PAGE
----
As a first time mother and birth doula, I’ve seen over and over again how our culture is lacking when it comes to taking care of the new mothers. I think things are getting better with both birth and postpartum doulas and awareness, but we still have a lot of work to do.
“Matrescence,” the process of becoming a mother, is a term that is getting more popular thanks to people such as Alexandra Sacks, MD and Reproductive Psychiatrist. In her article, “Matrescence, What is it?”, she says “ like adolescence, it is a transitionary period. Being pregnant is like going through puberty all over again: your hormones go nuts, your hair and skin don’t behave the way you’d like, and you develop a new relationship with a body that seems to have a mind of it’s own. The difference? Everyone understands that adolescence is an awkward phase. But during matrescence, people expect you to be happy while you’re losing control over the way you look and feel.”
Essentially, you don’t have control over you body due to pregnancy and due to literal chemical shifts in your brain, you are losing control of your emotions and becoming a new person during this period of life.
It’s such a complicated and confusing season for women because of the pressure to feel grateful and happy they are pregnant (or just after having a baby). And maybe they are, but at the same time feeling sad for the physical, emotional and relational changes that are happening in their life.
And I think the simple acknowledgment that it is okay to feel both things and more even more importantly normal.
We have to let women slowly become mothers, in whatever way that looks like for the individual. Yes, some mothers (a small percent) but some transition smoothly into this stage, some don't struggle with their new body. But most will need time to process their new self. And that needs to be more normal. We need to allow time for the mother to heal from pregnancy and birth. We need to make it more normal to give a good amount of time for the mother to bond with the baby (and it's normal not to for a while because you are both getting to know each other). And most importantly, we need to allow her to transition, process and become this new person and that doesn't happen overnight.
I have found such beauty in becoming a mother – I have loved mothering but I think that’s because of some important things, one of which is just simply time. When I first became a mom, I was not prepared for postpartum – I did not have a community of mothers, resources on PPD or the tools to do it well. And that is one of the main reasons I became a doula. But over the years, I have found a couple things that have helped me in the process of becoming a mother and I would love to share them with you.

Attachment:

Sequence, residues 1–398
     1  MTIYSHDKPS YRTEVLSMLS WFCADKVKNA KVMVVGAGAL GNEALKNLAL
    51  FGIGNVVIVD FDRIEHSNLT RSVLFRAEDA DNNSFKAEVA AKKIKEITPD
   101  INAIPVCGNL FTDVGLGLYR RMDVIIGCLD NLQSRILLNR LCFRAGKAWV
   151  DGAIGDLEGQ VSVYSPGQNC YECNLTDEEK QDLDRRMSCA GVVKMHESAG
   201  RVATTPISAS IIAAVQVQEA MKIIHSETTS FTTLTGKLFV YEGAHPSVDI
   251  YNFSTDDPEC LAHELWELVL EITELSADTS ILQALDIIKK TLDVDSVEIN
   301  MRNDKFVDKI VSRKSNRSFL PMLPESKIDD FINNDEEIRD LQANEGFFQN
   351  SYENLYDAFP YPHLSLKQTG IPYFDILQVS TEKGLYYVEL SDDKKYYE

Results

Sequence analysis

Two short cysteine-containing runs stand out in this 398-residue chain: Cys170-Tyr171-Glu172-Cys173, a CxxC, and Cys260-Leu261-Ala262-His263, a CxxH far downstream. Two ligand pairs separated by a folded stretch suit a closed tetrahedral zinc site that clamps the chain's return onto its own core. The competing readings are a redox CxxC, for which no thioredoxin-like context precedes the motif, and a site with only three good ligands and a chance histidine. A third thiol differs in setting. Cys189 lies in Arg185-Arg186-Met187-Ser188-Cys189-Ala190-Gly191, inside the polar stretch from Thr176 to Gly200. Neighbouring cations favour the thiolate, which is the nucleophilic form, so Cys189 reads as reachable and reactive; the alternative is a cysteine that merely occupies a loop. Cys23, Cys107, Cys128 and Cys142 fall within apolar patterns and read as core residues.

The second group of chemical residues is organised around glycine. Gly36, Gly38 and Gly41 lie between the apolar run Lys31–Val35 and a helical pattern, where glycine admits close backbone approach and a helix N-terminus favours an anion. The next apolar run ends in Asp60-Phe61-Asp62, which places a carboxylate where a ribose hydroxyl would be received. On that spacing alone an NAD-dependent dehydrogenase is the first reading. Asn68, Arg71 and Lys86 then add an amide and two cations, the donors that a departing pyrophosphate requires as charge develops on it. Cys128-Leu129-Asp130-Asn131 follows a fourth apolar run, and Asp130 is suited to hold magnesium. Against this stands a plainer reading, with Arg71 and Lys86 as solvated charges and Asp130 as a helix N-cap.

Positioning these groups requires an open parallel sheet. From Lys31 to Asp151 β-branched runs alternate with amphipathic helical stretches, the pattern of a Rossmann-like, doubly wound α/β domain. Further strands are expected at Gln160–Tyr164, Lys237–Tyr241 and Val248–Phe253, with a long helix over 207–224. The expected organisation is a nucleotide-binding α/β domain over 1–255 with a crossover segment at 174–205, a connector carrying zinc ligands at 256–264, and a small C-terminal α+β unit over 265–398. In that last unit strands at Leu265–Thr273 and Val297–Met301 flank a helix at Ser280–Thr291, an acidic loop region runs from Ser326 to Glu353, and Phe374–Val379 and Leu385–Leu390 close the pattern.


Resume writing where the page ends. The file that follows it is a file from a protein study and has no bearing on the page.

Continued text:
Here are five things that I believe have contributed (over time) to learning to enjoy motherhood:
1. I am honest when I am not doing well and I’ve learned to ask for help – whether it is texting a friend how I’m truly feeling, asking my sister to watch my girls, telling my husband I need time away, etc. There's such beauty (and relief) in allowing yourself to be simply human, which means we need help.
2. I have found a community of other honest mothers – you know the ones who also admit they don’t love every second of it, who don’t try to pretend they are perfect and who also struggle with their body, emotions, etc. Mothers who are in this with me.
3. I’ve slowly found my rhythm – what works for me and my family and trying super hard not to compare to others. Please take care of yourself. Your health, along with the health of your baby is important. From now on, everyone will try to give you opinions about how to parent but you have to figure out what is best for YOU, your family and your kids.
4. I have found things outside of motherhood that give me life and that continues to make me a better mom – space from my kids, doing things that remind me that I am other wonderful things outside of motherhood.
5. I have learned to give myself grace. This is something we must do daily. We should not strive for perfection because it leaves us with guilt and shame.
*I want to talk more about postpartum mood and anxiety disorders but felt it needed a post in it of itself. Please refer to the article I've link by Alexandra Sacks for more articles on PPD.